There is, however, one possibility which would in certain conditions make the Government operations the means of a real increase in the rapidity of circulation. In a period of depression the rapidity of circulation is low, because people cannot find profitable outlets for their surplus funds and they accumulate idle balances. If the Government comes forward with an attractive gild-edged loan, it may raise money, not merely by taking the place of other possible capital issues, but by securing money that would otherwise have remained idle in balances. (pp. 42-43)

In other words, Hawtrey did indeed recognize the problem of a zero lower bound (in later works he called it a “credit deadlock”) in which the return to holding money exceeds the expected return from holding real capital assets, and that, in such circumstances, government spending could cause aggregate spending and income to increase.

Having established that, absent any increase in cash balances, government spending would have stimulative effects only at the zero lower bound, Hawtrey proceeded to analyze the case in which government spending increased along with an increase in cash balances.

In the simple case where the Government finances its operations by the creation of bank credits, there is no diminution in the consumers’ outlay to set against the new expenditure. It is not necessary for the whole of the expenditure to be so financed. All that is required is a sufficient increase in bank credits to supply balances of cash and credit for those engaged in the new enterprise, without diminishing the balances held by the rest of the community. . . . If the new works are financed by the creation of bank credits, they will give additional employment. (p. 43)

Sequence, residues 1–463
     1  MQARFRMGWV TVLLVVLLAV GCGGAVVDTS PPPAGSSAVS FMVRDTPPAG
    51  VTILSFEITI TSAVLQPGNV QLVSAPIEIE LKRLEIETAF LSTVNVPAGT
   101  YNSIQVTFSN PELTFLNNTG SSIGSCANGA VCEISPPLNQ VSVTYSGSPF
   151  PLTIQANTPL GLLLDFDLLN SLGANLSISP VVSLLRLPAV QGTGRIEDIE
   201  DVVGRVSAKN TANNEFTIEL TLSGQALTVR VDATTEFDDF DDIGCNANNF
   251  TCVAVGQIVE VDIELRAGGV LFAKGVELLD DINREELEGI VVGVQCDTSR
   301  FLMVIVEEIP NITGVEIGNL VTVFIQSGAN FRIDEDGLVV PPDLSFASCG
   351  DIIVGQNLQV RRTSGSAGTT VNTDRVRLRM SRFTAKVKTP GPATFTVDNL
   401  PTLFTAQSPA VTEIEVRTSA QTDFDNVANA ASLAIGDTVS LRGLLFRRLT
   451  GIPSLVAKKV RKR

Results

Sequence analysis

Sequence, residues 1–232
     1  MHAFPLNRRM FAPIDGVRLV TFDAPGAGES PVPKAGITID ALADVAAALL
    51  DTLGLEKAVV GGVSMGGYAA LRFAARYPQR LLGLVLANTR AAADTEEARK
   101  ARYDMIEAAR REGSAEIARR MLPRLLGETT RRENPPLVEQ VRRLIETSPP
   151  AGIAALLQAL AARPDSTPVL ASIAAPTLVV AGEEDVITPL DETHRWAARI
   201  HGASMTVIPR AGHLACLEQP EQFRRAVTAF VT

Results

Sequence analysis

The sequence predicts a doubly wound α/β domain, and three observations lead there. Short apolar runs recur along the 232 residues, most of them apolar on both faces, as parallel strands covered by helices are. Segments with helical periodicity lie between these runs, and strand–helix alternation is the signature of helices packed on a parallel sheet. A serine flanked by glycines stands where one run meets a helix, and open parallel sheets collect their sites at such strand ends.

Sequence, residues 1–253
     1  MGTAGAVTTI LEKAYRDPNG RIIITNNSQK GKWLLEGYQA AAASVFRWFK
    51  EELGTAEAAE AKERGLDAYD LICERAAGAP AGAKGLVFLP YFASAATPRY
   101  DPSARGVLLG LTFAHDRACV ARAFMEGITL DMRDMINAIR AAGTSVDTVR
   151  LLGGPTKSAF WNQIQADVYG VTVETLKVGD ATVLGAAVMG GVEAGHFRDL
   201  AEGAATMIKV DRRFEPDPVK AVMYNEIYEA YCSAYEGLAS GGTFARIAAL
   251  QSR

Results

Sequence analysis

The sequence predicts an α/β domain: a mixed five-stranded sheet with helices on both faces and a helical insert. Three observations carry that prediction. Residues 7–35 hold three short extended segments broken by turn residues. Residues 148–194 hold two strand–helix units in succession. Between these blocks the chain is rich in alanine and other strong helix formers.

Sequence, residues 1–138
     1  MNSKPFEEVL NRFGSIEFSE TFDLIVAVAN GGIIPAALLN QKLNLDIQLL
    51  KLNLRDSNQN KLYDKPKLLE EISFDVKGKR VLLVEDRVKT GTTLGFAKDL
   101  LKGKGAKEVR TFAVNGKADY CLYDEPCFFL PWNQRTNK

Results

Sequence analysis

After making this concession, however, Hawtrey added a qualification, which has provoked the outrage of many Keynesians.

What has been shown is that expenditure on public works, if accompanied by a creation of credit, will give employment. But then the same reasoning shows that a creation of credit unaccompanied by any expenditure on public works would be equally effective in giving employment.

The public works are merely a piece of ritual, convenient to people who want to be able to say that they are doing something, but otherwise irrelevant. To stimulate an expansion of credit is usually only too easy. To resort for the purpose to the construction of expensive public works is to burn down the house for the sake of the roast pig.

That applies to the case where the works are financed by credit creation. In the practical application of the policy, however, this part of the programme is omitted. The works are started by the Government at the very moment when the central bank is doing all it can to prevent credit from expanding. The Chinaman burns down his house in emulation of his neighbour’s meal of roast pork, but omits the pig.